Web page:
Rio Olympics 2016: Gagan Narang's 10m Air Rifle encore that was not to be
‘Disappointment’ becomes the buzz word in the Indian media every four years when the Olympics take place. It was splattered all over the headlines on all TV channels and newspapers for the first couple of days in Rio de Janeiro. But day three was not about disappointments, it was about heartbreaks. One is disappointed when rookies fail in their endeavours – but when legends take a tumble – one is left crestfallen.
On the day for which they were sweating it out for last 4 years, Gagan Narang and Abhinav Bindra showed more than a glimpse of why they have grown up to be icons in Indian sports even if they couldn’t deliver the knockout punch with their performance.
While paeans would be read about the 2008 Gold winner Bindra, who narrowly missed out on a Bronze which he looked to have in his bag almost throughout the competition, and deservingly so, spare a little thought for Gagan Narang. The 33-year-old shooter looked to be on a roll before it all excruciatingly fell apart for him. He was off to a better start than his compatriot Abhinav Bindra and scored 105.3 in the first round.
The rousing start was followed by a slight dip in his graph as he shot a still decent 104.5 in the next. At this stage, it was Narang who looked to be comfortably sailing into the finals ahead of Bindra, who was languishing way behind.
But the thing with shooting is that you can never discount the basics and, in events like the Olympics, where no one is ready to concede an inch, one can’t afford a slip up even for a second. That’s exactly the cardinal sin that Narang ended up committing in his third round. The third round produced a measly 102.1 for the 33-year-old, and from there began the downfall that no one saw coming.
On the other hand, Bindra made his way up from a dismal 102.1 in the first round to gloriously shoot three 10.8 scores in his final five attempts to secure his place in the finals. Narang’s slip in concentration cost him a shot place in the finals.
Although the 4 time CWG Gold medalist would eventually finish 23rd with a final score of 621.7, he raised hopes of a 2012 encore while he was there. After the first two rounds, it seemed that he would breeze through the third thanks to his massive experience. In fact, the shooter looked in just the kind of touch one would need to corner glory on such days.
The grandness of the Olympics’ stage, however, tests the best in the business and Narang’s composed exterior could do little to hide the nerves, as the scores started falling in the third round and, with that, his dream of a medal too.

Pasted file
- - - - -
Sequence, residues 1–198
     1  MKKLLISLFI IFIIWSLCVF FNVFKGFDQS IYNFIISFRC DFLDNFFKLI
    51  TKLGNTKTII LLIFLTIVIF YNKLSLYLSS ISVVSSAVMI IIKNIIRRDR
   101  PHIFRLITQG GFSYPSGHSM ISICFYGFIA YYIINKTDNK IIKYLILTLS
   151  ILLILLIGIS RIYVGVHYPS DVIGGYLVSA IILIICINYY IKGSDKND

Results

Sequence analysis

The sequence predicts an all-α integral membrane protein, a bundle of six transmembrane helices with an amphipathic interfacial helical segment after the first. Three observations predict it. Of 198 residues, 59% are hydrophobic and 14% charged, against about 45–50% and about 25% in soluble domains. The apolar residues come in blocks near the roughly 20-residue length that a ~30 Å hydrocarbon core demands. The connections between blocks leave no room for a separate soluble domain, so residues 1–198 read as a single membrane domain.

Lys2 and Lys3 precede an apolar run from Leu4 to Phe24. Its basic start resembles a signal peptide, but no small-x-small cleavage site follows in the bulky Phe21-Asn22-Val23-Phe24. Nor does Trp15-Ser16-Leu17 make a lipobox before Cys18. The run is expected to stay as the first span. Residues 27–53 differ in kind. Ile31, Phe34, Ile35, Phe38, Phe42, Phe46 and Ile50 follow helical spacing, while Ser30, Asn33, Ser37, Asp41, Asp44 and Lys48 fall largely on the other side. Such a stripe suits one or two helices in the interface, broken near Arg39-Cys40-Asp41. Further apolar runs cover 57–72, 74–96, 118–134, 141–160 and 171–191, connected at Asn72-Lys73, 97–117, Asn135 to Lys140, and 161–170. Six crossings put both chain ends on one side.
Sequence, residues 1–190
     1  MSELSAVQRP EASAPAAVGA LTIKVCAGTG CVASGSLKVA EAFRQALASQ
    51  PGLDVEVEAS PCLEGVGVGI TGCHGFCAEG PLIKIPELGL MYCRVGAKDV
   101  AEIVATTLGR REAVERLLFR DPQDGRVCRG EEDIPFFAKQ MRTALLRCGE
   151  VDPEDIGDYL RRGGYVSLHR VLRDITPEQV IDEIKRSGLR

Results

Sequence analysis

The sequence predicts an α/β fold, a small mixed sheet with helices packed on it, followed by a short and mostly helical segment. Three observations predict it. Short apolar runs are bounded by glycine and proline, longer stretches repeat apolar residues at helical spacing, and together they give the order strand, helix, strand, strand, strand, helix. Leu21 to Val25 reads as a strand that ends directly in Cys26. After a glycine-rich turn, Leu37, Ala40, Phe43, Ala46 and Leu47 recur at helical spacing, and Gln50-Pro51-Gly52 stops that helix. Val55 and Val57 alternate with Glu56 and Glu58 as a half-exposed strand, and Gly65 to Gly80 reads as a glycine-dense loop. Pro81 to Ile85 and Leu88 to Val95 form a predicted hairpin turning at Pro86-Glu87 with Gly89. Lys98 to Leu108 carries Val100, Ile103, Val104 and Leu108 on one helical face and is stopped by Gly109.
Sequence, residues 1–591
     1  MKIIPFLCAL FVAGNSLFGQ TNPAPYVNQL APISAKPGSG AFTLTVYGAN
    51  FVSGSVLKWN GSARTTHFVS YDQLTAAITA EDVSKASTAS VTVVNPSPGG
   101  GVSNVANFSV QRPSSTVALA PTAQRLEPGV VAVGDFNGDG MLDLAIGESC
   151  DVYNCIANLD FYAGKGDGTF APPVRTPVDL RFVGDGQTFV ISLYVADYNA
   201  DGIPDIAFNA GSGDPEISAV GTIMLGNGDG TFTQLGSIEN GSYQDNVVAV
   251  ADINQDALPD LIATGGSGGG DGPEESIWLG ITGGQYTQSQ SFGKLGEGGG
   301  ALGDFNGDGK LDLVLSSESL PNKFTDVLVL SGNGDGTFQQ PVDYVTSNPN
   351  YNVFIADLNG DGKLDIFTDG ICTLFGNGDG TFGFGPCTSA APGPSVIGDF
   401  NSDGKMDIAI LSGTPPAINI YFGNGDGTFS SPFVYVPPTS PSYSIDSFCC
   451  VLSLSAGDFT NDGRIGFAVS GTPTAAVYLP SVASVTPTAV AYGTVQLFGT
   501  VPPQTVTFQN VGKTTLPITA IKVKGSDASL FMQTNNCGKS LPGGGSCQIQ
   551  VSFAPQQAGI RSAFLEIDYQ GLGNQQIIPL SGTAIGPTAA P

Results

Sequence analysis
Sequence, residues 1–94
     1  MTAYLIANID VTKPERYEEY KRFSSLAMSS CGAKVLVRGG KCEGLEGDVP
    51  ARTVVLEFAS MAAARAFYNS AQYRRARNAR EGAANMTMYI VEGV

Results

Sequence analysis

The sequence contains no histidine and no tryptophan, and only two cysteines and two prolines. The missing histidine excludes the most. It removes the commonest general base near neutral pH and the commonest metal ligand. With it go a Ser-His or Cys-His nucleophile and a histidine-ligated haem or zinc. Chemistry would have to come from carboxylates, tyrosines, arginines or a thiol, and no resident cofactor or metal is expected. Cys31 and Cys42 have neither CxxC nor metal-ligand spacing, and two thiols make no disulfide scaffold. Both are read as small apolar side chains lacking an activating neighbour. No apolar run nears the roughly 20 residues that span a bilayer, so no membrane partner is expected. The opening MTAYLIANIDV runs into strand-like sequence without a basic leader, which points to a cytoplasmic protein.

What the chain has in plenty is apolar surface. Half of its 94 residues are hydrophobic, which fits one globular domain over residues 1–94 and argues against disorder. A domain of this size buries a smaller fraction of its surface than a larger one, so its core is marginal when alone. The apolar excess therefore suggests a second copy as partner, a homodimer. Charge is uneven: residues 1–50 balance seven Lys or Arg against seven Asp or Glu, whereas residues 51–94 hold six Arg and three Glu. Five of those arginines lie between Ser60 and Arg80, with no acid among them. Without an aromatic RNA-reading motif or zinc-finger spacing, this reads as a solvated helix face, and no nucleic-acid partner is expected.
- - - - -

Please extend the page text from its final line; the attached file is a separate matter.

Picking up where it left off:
The shooter then could only see his fellow Indian Abhinav Bindra come at a whisker’s distance to his London feat, before one bad shot by Bindra capped off a heartbreaking day for Indians at the Games. While it's curtains for Bindra, Narang has still a long way to go in this edition. By the virtue of being one of the select Indian athletes who will feature in three events, the Rajiv Gandhi Khel Ratna winner has two more shots at glory left.
While it was Abhinav Bindra who spoke in the run-up to the Olympics about the importance of detaching oneself from the surroundings during the big game, its best demonstration came from Narang in 2012 London Olympics. After winning the Bronze in the 10m Air Rifle event, the same event where Bindra had crashed out in the qualifiers, Narang showed little to no emotion.
This, despite the fact that his was the first of the six medals India would go on to win in the London Games. As Narang would later admit, his reaction to the achievement was tepid because he had two more events still left to participate in and he couldn’t have afforded to lose his focus ahead of them.
Although the results didn’t go in his favour in the 10m Air Rifle, this is exactly the level of detachment Narang would need to produce to bring his A-game to excel in the 50m Rifle Prone on Friday. He will need to get out of his head all the ‘could have beens’ that didn’t work out in the first event and start afresh mentally for the 50m Rifle Prone on Friday.
This was the same event where Narang had produced a Silver fetching performance in the Glasgow Commonwealth Games and come Friday, if he can have a slightly better grip over his concentration than he had in the 10m Air Rifle event, he can produce wonders. With the wealth of experience that the shooter possesses, a mental barrier shouldn’t worry him too much. For, in a long career that has spanned across four Olympics, the shooter has leaped past many a hurdle to reach where he is today.
The events on Friday and Sunday (50m Rifle 3 Positions) would test the mental toughness of the shooter to the hilt. To overcome what transpired on Monday would need some determination from the congenial looking shooter. But as the saying goes, ’The harder the struggle, the greater the glory’ and glory is what a billion people are hoping Narang conquers in his last two opportunities on Friday and Sunday.Published 09 Aug 2016, 09:25 IST